There was snow on the road, and it was very hard packed. I can see why it takes them so long to plow roads in the spring. It is tough sledding! I guarantee it will be more than a month until the snow is melted on this road to Mumford and Beacroft (and Sailor will be later than that). Why don’t they just plow the roads all throughout the winter? This is how normal northern states (and countries – such as Canada) do it. It would be so much easier to keep roads plowed throughout the winter, then they would only be closed for a day or two after storms. I’m thinking Tioga Pass, Glacier Point, and the major highways that are closed in the winter, but also Foresthill Rd. It would be so much better and awesome, but I suppose it is a money issue more than anything else.

Anyhow, I got to Mumford Bar trailhead and headed down the trail. The snow now was much softer. I was afraid I’d be sinking right through on my return trip back in a couple days. That was the least of my worries, however. There were downed trees and branches everywhere on the trail. I assumed this was from the fire three years ago, the American Fire. Absolutely nothing had been cleared. This is a major trail. It was awful. As I got further down, I lost the snow, and the trail got a bit better except for the occasional obstacle I had to negotiate. Until the bottom.

The fire did not reach the bottom at the river, but the trail was absolutely horrendous. Over growth of prickly brush dominated the entire trail, with a stream running down the middle of it. There was no trail, in actuality. I had to go straight through this brush? This seemed impossible, but I gave it a go. My pants got all torn up. My legs got all torn up. I somehow got through this mess and to Mumford Bar. Breathe, Madman, breathe.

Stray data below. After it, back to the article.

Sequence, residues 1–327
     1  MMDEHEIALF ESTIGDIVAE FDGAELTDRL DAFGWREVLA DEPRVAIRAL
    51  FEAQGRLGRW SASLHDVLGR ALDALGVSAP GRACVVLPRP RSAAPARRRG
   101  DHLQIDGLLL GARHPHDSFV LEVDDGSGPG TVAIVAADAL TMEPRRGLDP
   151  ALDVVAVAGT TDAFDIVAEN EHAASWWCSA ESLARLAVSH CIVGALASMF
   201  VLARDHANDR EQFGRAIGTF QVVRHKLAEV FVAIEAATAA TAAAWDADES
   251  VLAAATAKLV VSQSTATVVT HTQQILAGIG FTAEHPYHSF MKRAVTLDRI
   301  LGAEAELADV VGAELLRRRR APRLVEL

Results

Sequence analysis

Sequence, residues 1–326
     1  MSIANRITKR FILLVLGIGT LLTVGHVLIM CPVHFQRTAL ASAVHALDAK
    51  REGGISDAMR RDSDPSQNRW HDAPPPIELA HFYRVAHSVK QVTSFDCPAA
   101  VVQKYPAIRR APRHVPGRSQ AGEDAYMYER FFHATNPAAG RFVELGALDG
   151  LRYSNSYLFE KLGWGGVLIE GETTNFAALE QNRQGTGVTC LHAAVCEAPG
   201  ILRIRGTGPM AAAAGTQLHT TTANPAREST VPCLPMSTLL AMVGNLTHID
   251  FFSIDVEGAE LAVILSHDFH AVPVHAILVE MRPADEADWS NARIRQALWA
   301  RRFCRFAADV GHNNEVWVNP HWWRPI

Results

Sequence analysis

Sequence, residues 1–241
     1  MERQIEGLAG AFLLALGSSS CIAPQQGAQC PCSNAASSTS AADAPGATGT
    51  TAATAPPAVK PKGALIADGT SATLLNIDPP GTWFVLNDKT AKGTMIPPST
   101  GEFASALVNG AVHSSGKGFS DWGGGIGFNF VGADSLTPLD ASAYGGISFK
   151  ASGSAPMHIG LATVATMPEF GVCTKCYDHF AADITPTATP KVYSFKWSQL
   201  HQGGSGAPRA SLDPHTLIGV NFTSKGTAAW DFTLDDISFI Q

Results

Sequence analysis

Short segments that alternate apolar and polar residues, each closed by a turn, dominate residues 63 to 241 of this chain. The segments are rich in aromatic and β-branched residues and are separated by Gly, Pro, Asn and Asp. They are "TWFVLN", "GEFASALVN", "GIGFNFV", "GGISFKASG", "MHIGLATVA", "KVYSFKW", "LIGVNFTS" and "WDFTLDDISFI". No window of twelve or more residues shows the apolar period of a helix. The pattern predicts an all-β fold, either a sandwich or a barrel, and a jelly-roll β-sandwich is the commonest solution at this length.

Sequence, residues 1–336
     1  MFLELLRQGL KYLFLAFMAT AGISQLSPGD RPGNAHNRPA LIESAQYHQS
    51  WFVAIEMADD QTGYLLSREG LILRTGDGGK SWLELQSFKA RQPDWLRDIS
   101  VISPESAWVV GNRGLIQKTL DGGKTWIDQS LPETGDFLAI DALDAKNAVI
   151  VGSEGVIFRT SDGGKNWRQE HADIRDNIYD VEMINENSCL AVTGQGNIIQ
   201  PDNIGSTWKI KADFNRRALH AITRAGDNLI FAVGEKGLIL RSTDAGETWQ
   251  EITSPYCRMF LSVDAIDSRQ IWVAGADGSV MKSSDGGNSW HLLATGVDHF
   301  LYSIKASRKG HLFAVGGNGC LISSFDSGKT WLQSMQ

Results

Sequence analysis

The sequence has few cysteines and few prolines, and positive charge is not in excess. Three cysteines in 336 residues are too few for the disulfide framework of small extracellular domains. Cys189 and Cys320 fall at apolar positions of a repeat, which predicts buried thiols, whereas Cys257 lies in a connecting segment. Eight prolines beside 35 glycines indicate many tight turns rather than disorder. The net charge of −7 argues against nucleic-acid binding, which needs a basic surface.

So now what would the rest of the trail be like? I imagined it would be somewhat overgrown, but not nearly to the extent it was. It started out all right. An unnamed stream flowed down beside Mumford Bar at torrent pace. I had to wade across it. If this small unnamed stream had such tremendous flow, how would I cross Tadpole Creek ahead? Again, I did not need to worry about such things. The trail started off all right. There was some overgrowth, a lot of poison oak, but I had a good feeling. Really, I just wanted to make it to Beacroft. Then I could go back up the Beacroft Trail. I  had no desire whatsoever to return up the Mumford Bar trail, which was so awful. The trail disappeared from time to time with overgrowth, and I had my doubts, then I found it again. But before I got to within 1.5 miles of Beacroft, it was gone forever. No trail. Incredible brush. Incredible poison oak. Completely impassable. There was no going on from here. I could not even get to Beacroft. I had to go back to Mumford Bar. Epic fail.